Nanaimo’s Hilde Schlosar has started a petition on Change.org requesting the federal government grant asylum to the caravan of migrants from Central America.

Nanaimo woman starts petition calling on federal government to grant asylum to migrant caravan

More than 5,000 Central American migrants are heading toward the United States border

As thousands of migrants inches closer towards the United States border, a Nanaimo woman wants the Canadian government to come to their aid.

Hilde Schlosar, former executive director with the Central Vancouver Island Multicultural Society, has started a petition on Change.org requesting the federal government grant asylum to the caravan of migrants from Central America that are currently in Mexico, but making their way to the United States. Her petition, started over the weekend, has more than 2,000 signatures and is growing.

“The migrant caravan traveling though Mexico are facing potential violence and imprisonment at the U.S.A. border. They are desperate people who are determined to find safety and a better life for their families … Canada has the capacity and the capability to take in the Central American migrants,” the petition says.

The caravan is made up of more than 5,000 migrants, mostly from Honduras, Guatemala, Nicaragua and El Salvador, who are fleeing violence and poor economic prospects in their homelands. The migrants began their trek to the United States border in mid-October and intend to cross into California, according to CBS News.

Schlosar told the News Bulletin she started the petition as a way to get the federal government to “pay attention” and hopes it will act. She said the situation in Central America is troublesome and Canada should help, as it did with bringing in thousands of refugees from Syria.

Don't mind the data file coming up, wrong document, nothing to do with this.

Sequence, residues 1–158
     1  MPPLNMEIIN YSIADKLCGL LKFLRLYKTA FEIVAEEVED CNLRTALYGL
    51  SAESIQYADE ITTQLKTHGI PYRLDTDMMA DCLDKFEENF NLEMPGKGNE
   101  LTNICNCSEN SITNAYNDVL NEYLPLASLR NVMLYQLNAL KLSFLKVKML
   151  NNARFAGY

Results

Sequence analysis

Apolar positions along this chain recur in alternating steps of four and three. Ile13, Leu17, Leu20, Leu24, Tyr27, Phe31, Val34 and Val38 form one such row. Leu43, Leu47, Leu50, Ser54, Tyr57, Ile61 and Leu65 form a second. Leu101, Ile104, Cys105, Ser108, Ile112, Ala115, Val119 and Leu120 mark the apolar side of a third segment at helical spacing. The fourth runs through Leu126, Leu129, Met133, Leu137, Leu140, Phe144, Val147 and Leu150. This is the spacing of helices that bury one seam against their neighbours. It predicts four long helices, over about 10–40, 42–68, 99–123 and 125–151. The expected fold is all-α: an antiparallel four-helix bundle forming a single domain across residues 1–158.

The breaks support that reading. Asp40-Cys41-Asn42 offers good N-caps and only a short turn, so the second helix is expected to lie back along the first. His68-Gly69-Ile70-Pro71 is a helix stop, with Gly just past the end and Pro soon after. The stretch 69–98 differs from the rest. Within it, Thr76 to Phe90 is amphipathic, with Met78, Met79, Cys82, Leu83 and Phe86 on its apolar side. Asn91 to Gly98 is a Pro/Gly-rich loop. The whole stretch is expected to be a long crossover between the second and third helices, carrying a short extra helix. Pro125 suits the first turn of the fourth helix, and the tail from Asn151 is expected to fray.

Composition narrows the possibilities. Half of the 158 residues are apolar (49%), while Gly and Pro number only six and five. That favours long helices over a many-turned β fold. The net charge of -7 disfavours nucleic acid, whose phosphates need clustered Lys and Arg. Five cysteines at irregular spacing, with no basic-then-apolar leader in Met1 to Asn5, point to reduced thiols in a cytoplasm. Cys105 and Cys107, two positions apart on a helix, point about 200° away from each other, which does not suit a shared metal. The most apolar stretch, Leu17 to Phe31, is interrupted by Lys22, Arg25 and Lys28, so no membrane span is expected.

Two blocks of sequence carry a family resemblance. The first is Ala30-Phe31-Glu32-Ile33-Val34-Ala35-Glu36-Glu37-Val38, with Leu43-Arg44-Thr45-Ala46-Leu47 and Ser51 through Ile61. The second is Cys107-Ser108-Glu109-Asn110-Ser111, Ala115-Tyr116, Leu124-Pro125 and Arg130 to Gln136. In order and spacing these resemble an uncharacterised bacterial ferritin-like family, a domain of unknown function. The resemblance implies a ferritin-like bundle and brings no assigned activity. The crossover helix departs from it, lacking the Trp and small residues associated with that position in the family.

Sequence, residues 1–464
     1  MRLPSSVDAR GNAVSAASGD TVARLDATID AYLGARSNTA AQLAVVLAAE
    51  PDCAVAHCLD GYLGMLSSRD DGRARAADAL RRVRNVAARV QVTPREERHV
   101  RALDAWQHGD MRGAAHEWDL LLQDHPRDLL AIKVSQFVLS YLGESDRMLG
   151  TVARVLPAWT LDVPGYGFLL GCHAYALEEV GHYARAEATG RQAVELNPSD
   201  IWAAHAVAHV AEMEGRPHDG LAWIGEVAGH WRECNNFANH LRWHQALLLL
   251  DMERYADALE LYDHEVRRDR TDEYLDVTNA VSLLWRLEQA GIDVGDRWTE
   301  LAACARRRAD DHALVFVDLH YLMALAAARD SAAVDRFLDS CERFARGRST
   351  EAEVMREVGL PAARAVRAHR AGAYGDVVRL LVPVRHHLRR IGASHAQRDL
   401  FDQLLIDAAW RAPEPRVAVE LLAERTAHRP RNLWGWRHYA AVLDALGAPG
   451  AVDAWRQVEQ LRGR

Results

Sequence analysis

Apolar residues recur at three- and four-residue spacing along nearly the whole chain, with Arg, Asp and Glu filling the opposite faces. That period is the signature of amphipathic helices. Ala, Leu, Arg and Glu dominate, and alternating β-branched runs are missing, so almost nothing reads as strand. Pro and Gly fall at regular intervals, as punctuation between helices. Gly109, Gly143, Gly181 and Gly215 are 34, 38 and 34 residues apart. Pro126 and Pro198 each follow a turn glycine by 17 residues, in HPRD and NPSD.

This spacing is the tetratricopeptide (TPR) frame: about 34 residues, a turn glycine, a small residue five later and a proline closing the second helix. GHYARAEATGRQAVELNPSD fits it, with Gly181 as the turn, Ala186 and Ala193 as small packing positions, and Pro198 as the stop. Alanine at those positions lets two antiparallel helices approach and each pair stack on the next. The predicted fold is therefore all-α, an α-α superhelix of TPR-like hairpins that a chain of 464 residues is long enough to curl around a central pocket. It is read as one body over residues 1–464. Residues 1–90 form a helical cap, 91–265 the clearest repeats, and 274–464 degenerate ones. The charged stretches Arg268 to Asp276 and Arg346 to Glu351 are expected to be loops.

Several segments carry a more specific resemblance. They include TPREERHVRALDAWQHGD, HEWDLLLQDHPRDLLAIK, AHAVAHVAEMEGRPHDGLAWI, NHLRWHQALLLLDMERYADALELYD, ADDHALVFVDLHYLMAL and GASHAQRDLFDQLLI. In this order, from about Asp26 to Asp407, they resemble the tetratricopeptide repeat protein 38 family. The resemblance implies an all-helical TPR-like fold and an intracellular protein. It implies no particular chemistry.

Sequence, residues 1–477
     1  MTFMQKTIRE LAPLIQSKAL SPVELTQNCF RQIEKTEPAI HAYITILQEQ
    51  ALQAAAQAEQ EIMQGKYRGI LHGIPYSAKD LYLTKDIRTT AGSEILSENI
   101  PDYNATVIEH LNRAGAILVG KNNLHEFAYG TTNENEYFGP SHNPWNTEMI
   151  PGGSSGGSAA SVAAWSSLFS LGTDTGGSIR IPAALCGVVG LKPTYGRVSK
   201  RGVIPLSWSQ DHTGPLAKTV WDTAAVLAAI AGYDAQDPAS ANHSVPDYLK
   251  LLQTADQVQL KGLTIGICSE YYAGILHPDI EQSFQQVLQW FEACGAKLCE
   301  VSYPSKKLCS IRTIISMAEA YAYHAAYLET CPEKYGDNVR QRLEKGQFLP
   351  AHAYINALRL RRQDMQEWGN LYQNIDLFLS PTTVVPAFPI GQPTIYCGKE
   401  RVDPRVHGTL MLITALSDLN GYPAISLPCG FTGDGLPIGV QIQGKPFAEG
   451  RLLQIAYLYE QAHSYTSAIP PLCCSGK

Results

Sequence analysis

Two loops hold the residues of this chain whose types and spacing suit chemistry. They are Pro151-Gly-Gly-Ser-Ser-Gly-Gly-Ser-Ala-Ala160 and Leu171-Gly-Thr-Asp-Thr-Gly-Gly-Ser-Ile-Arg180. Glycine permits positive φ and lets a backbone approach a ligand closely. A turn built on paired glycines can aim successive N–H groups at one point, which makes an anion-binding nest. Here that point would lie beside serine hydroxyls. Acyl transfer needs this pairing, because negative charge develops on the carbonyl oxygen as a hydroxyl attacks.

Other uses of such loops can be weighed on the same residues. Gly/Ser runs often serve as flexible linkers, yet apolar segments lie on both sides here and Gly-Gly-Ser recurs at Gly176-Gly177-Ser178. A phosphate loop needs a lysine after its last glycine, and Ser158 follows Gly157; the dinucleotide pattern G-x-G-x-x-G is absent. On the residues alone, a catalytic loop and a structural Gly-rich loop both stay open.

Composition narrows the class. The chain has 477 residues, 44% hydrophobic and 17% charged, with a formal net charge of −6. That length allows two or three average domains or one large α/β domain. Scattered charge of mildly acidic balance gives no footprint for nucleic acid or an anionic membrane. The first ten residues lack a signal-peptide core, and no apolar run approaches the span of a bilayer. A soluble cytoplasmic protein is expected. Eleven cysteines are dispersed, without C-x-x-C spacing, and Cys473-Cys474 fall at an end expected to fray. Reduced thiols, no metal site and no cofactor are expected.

“The U.S. is turning away all these people and not only turning them away, but threatening them and here we sit on the other side of their border really looking for people who have the kind of resilience and fortitude and determination to come to a country and make a new life,” she said.

Since the caravan began its march toward the United States, President Donald Trump has claimed on Twitter that the caravan is made up of some “very bad thugs and gang members.”

Schlosar, who during her time with the CVIMS oversaw the resettlement of government-assisted refugees in Nanaimo, said refugees and immigrants don’t lead to higher crime rates. She said the language used by the government in the United States is troubling.

“I was really distressed by the vitriol and the threats coming from the American government,” she said, adding that the rhetoric is only pushed by those who are “fearful” of other people.

Canada has the proven experience and ability to resettle thousands of people said Schlosar, adding that Canada has previously vetted refugees in other countries, and could make an arrangement with the Mexican government to do so.

“We have the capacity, we have the capability, we’ve proven that over and over again with the refugees that we have accepted around the world and with the way we’ve helped in other crisis situations,” she said. “It is no different than anything we’ve ever done before.”

Recently, the federal government announced that they it plans to boost the number of immigrants accepted to 350,000 per year in 2021. Schlosar said with a declining birth date and more people retiring, Canada needs immigrants to address labour shortages throughout the country.

“We have a declining number of people in the work force, we have a lot of seniors retiring, we need new people,” she said. “This country needs people to grow, to take the jobs that people are retiring from.”

At the end of the day , Schlosar just wants to see the Canadian government reach out and help a group of people in need.

“I am a proud Canadian and one of the things that makes me proud is how we do welcome the world and open our doors and hearts to people who are desperate and in need and we’ve proven it over and over again and this is a group of people that needs our help,” she said.







nicholas.pescod@nanaimobulletin.com 
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